Monday through Friday with People of Faith: Day 153/260: Isaiah

Read Isaiah 5:1-7

Isaiah’s Parable of the Vineyard

When we hear the word “parable,” our minds typically turn to the New Testament parables Jesus employed in his teaching. However, there are examples of parables in the Old Testament as well. Isaiah uses the image of a vineyard to teach a message about God’s care for and disappointment in His people.

God is portrayed as “my Well-beloved,” the one who has planted a vineyard. Isaiah says that this vineyard is “on a very fruitful hill” (Isaiah 5:1). God gave this vineyard every advantage to succeed: “He dug it up and cleared out its stones, and planted it with the choicest vine. He built a tower in its midst, and also made a winepress in it; so He expected it to bring forth good grapes, but it brought forth wild grapes” (Isaiah 5:2).

“My Well-beloved” expresses His disappointment in the vineyard. “What more could have been done to My vineyard that I have not done in it? Why then, when I expected it to bring forth good grapes, did it bring forth wild grapes?” (Isaiah 5:4).

With all the advantages given to Israel, why did they fail? Was God to blame? He called on them to judge for themselves (Isaiah 5:3), then proceeded to explain His intentions going forward. “And now, please let Me tell you what I will do to My vineyard: I will take away its hedge, and it shall be burned; and break down its wall, and it shall be trampled down. I will lay it waste; it shall not be pruned or dug, but there shall come up briers and thorns. I will also command the clouds that they rain no rain on it” (Isaiah 5:5-6).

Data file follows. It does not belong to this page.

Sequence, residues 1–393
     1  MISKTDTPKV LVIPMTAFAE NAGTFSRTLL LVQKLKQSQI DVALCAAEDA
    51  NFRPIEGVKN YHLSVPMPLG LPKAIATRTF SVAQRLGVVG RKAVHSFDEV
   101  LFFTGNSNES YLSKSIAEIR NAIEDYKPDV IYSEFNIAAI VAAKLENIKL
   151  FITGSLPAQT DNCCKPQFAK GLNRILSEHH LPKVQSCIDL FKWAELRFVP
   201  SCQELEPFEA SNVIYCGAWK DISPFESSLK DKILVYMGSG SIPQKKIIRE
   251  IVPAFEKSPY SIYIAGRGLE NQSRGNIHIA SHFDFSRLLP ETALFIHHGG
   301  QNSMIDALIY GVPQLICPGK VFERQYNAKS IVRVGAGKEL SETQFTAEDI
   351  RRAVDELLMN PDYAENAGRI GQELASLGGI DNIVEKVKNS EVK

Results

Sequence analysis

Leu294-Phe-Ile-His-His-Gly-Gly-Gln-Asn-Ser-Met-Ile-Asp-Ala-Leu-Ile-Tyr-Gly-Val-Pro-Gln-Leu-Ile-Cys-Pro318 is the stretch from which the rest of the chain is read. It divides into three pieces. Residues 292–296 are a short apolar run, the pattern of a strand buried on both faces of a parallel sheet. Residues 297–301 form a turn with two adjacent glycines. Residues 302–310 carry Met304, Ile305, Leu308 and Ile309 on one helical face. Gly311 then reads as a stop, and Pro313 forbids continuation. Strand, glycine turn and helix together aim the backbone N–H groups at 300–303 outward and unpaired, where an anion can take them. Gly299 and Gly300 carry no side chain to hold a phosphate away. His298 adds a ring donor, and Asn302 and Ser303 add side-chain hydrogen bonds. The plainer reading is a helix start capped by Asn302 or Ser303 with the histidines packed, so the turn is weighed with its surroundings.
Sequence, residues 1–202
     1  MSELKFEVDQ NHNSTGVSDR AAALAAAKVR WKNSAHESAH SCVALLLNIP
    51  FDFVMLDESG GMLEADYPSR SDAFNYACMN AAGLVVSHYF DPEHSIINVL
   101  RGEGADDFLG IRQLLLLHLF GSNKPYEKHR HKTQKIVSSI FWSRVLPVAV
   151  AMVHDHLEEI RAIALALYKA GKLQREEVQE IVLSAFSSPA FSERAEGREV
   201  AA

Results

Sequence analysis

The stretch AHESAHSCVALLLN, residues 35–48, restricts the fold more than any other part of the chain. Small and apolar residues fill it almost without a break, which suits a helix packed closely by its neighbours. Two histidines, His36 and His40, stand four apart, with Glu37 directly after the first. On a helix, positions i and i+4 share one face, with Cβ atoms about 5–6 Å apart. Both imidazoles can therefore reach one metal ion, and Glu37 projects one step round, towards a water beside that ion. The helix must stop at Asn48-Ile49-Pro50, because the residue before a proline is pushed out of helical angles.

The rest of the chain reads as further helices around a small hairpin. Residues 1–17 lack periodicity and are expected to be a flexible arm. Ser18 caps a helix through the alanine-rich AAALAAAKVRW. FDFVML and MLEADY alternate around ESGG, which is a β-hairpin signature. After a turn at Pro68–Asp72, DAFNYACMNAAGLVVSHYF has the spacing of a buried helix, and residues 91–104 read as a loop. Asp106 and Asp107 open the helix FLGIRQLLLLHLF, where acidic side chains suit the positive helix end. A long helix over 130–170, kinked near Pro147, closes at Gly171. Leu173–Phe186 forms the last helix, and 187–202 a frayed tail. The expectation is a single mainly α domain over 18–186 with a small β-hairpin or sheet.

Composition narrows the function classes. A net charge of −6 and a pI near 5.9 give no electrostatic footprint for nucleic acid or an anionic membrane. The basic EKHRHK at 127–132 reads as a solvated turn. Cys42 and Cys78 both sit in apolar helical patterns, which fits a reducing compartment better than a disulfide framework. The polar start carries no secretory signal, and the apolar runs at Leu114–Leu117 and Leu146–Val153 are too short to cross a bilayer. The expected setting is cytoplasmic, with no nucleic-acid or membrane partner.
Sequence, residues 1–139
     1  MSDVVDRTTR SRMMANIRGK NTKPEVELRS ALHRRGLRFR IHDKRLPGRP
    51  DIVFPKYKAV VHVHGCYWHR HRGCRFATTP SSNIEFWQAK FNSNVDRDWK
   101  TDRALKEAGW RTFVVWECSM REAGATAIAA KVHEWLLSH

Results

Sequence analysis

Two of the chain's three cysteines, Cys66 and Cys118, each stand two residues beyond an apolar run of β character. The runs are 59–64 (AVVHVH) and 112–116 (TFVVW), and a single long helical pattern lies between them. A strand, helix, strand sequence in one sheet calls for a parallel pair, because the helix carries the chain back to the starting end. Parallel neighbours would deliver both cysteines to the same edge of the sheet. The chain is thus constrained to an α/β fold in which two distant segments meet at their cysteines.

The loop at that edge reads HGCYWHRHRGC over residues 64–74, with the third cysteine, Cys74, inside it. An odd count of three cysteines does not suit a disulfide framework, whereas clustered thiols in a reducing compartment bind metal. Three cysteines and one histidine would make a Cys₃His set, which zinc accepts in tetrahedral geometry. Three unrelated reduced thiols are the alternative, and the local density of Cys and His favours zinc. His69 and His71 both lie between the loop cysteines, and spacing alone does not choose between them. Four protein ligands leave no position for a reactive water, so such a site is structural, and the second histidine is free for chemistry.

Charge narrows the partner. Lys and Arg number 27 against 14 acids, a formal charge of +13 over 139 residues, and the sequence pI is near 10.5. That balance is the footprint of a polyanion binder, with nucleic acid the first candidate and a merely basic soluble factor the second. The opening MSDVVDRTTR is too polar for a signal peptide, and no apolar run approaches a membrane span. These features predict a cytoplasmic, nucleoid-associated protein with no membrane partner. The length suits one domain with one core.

Judgment was coming. God wanted His vineyard to succeed but “wild grapes” were the result. Still today, God wants to save lost souls. “The Lord is not slack concerning His promise, as some count slackness, but is longsuffering toward us, not willing that any should perish but that all should come to repentance” (2 Peter 3:9).

He will not violate man’s free will and force compliance. It is each person’s choice whether they will serve God or become modern-day “wild grapes” like Israel of old.

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